OCEAN CITY – Over Memorial Day weekend, Ocean City police responded to 999 calls for service due mainly to large groups of teens gathered on the city’s beaches and engaged in illegal activities.
Mayor Jay Gillian reported that teens were participating in underage drinking, vandalism, assaults, and shoplifting. He even added that police were called to confiscate an illegal firearm.
It was enough to warrant a call for a special meeting of Ocean City Council at 1 p.m. June 1 to introduce a new set of measures aimed at curtailing the disruptive and dangerous behavior of the youth groups.
The measures taken together change the nature of summer at the shore, but the mayor and the governing body feel they are the necessary response to outright lawlessness.
Two ordinances were introduced at the special meeting.
One moves an already existing curfew for those under 18 from 1 a.m. to 11 p.m. The ordinance contains a list of what Solicitor Dottie McCrosson termed “common sense exceptions,” including teens going to or returning from work, attendance at school or religious events, and juveniles accompanied by a parent or guardian.
Enforcement of the curfew starts with two curbside warnings followed by a possible stationhouse adjustment where the juveniles are taken into custody and parents or guardians must pick them up at the station. No charges will be filed. The parent or guardian may be liable for fines if convicted in municipal court.
A second ordinance was introduced to ban backpacks on beaches, boardwalks, and beach street ends from 8 p.m. to 1 a.m. and from May 15 to Sept. 15. This ban on backpacks applies to all individuals, not just juveniles.
McCrosson emphasized that police would use common sense enforcement but would not engage in profiling or selective enforcement targeting only juveniles. Exceptions are again listed in the ordinance.
Penalties for violation include fines for adults and a similar process of escalating law enforcement responses for juveniles as are in the previous ordinance on curfews.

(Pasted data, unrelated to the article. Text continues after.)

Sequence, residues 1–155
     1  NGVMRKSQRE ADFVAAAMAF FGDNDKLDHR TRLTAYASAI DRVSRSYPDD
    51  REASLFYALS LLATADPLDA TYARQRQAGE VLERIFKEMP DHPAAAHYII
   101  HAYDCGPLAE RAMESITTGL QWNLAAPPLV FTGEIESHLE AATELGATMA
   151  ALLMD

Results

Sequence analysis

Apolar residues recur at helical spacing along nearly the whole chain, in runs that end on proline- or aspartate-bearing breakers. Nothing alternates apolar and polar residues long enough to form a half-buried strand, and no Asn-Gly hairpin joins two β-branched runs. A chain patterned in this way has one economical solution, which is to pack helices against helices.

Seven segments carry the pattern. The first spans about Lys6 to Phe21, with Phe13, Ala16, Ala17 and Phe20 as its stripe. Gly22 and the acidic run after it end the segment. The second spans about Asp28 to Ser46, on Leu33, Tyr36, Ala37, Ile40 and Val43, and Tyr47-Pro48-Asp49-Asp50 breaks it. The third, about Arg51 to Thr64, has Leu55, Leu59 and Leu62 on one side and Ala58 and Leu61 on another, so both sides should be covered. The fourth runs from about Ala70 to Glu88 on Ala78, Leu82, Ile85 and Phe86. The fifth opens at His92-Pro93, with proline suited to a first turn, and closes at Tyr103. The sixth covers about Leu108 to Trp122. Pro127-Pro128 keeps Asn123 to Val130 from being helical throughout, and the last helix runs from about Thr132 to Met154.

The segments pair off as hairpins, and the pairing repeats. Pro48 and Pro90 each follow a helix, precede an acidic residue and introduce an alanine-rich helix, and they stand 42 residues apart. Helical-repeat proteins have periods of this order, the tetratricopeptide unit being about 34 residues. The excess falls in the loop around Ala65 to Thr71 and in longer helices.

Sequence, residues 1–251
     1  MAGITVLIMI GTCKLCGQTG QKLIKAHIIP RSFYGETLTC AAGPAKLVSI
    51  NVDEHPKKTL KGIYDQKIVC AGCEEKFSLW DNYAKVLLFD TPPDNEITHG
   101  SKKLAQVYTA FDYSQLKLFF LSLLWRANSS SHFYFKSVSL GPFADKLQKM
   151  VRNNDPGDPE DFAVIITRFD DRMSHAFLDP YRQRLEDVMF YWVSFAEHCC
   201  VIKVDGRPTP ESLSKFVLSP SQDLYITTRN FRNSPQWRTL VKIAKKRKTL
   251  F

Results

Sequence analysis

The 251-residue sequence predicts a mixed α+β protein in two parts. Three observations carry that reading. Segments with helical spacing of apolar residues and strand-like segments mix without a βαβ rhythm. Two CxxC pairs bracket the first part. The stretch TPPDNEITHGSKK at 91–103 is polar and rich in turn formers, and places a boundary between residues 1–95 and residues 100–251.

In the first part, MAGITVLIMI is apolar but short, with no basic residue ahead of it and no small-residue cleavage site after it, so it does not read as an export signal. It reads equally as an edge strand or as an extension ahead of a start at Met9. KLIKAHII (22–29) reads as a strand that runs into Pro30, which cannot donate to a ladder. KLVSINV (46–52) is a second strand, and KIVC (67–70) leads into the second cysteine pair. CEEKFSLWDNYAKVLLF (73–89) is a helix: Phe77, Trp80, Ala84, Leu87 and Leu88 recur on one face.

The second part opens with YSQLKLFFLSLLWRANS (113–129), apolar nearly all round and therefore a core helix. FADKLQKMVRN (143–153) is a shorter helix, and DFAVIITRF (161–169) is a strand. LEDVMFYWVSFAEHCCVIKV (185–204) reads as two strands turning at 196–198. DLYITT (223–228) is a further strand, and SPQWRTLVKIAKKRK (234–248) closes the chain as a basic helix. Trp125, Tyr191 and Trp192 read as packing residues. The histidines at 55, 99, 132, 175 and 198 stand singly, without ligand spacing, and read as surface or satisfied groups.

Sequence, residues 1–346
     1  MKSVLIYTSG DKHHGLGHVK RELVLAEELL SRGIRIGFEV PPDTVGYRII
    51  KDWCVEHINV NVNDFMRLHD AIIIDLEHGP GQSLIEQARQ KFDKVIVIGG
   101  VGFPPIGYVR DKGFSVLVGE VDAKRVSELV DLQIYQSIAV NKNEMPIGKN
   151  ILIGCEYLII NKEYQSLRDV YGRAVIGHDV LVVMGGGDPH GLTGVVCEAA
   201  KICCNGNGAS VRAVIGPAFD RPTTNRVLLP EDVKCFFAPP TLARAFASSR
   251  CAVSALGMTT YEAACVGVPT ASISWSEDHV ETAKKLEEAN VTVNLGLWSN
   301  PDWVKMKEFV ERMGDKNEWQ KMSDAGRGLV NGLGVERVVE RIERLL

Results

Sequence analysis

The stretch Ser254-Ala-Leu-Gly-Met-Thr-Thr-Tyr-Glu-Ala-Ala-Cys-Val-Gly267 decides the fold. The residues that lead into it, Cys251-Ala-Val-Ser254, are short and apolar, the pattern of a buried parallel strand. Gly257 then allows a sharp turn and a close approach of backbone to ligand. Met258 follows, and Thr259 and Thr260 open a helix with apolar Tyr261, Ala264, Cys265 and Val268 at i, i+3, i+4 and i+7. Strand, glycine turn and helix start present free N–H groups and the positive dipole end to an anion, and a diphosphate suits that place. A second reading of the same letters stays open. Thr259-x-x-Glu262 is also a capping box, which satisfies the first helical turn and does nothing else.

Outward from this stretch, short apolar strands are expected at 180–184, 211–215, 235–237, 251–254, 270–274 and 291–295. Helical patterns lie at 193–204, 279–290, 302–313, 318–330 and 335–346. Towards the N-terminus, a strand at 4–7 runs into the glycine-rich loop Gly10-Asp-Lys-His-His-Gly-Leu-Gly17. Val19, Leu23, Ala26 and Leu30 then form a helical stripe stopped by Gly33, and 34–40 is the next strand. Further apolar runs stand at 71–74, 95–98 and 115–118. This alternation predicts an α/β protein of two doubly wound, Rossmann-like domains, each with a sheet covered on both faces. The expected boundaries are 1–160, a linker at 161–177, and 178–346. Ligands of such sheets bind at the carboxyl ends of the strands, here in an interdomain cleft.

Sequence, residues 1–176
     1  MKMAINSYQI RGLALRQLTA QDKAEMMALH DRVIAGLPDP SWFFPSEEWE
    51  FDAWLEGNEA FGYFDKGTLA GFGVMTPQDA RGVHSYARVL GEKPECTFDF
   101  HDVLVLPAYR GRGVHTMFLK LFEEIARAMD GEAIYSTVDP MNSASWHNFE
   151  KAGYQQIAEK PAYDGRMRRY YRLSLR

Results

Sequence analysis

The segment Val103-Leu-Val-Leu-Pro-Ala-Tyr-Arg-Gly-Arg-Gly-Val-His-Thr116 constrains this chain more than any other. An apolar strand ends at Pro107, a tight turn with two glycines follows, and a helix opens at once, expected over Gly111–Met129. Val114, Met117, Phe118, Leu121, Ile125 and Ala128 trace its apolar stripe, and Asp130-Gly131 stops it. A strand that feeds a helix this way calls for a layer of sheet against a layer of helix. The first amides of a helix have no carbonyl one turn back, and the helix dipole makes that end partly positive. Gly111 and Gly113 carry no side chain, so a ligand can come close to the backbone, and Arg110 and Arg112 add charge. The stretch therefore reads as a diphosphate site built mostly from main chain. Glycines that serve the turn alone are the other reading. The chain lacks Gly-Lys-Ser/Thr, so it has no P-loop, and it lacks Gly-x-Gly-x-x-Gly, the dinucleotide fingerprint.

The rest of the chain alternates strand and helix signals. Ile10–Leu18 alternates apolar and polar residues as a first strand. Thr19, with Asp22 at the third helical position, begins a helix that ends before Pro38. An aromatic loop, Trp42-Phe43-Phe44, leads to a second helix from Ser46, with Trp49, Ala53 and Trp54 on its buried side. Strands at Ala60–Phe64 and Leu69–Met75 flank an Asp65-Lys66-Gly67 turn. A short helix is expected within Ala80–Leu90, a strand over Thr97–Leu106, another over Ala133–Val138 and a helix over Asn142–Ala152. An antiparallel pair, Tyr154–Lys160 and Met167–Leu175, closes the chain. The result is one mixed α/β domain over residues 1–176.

Ocean City already designated several unwelcome behaviors as breaches of the peace in order to provide yet another tool for law enforcement confronted with responding to the juvenile problem.
In addition, Gillian has used his authority to close beaches at 8 p.m. and beach area restrooms at 10 p.m.
At a press conference following the special council meeting, Sen. Michael Testa (R-1st) called events in Ocean City over Memorial Day weekend “unacceptable.”
Testa said the behavior the shore towns are struggling with is “a direct result of our governor handcuffing law enforcement.”
Testa’s reference was to 2020 New Jersey attorney general rules on juvenile justice reform. The rules significantly limited the actions of police in dealing with juveniles engaged in potentially illegal or disruptive behaviors.
The attorney general directives followed from legislation that put police officers in danger of being charged with indictable offenses if they overstep the new boundaries that limit their actions in interactions with juveniles.
Gov. Phil Murphy at the time said the purpose of the legislation and the enforcement rules is to “eliminate longstanding disparities that have prevented people of Black and Brown communities from reaching their full potential.”
Following the press conference, Testa issued a press release that listed a number of bills he has sponsored which he asserts would “help address many of the problems the shore communities are experiencing.”
Among these bills is one that removes the potential criminal liability for law enforcement officers who have an “investigative encounter with an underage person for possession of alcohol or cannabis.”
Another “enhances penalties for certain crimes committed during riots” and creates a class of crime for mob intimidation and cyber intimidation “by publishing.”
Testa wants municipalities to have the ability to establish alcohol- and cannabis-free zones where violators would face civil penalties. He also argues for the ability of towns to designate special event zones.
Where We Are
For three years following these attempts at reform, juvenile lawlessness and rowdy behavior have resulted in escalating steps by coastal municipalities to protect lives and property with local ordinances that themselves must be drafted to stay within the boundaries of the state regulations.
Testa warns that “business owners will suffer the consequences” of government inaction. Local authorities argue that the three years since juvenile reform efforts began have already taken their toll.
The result is summer at the shore characterized by curfews, backpack bans, schedules for closed beaches and public restrooms, and the threat of fines for adults whose inattention has left the monitoring of juvenile illegal behavior to others.
Murphy’s office has indicated, after three years of largely silent response to the problems of the shore communities, that Murphy will work with municipalities to address issues like those in Ocean City.
The ordinances introduced at the special council meeting will be up for adoption and a public hearing June 15.
Contact the author, Vince Conti, at firstname.lastname@example.org.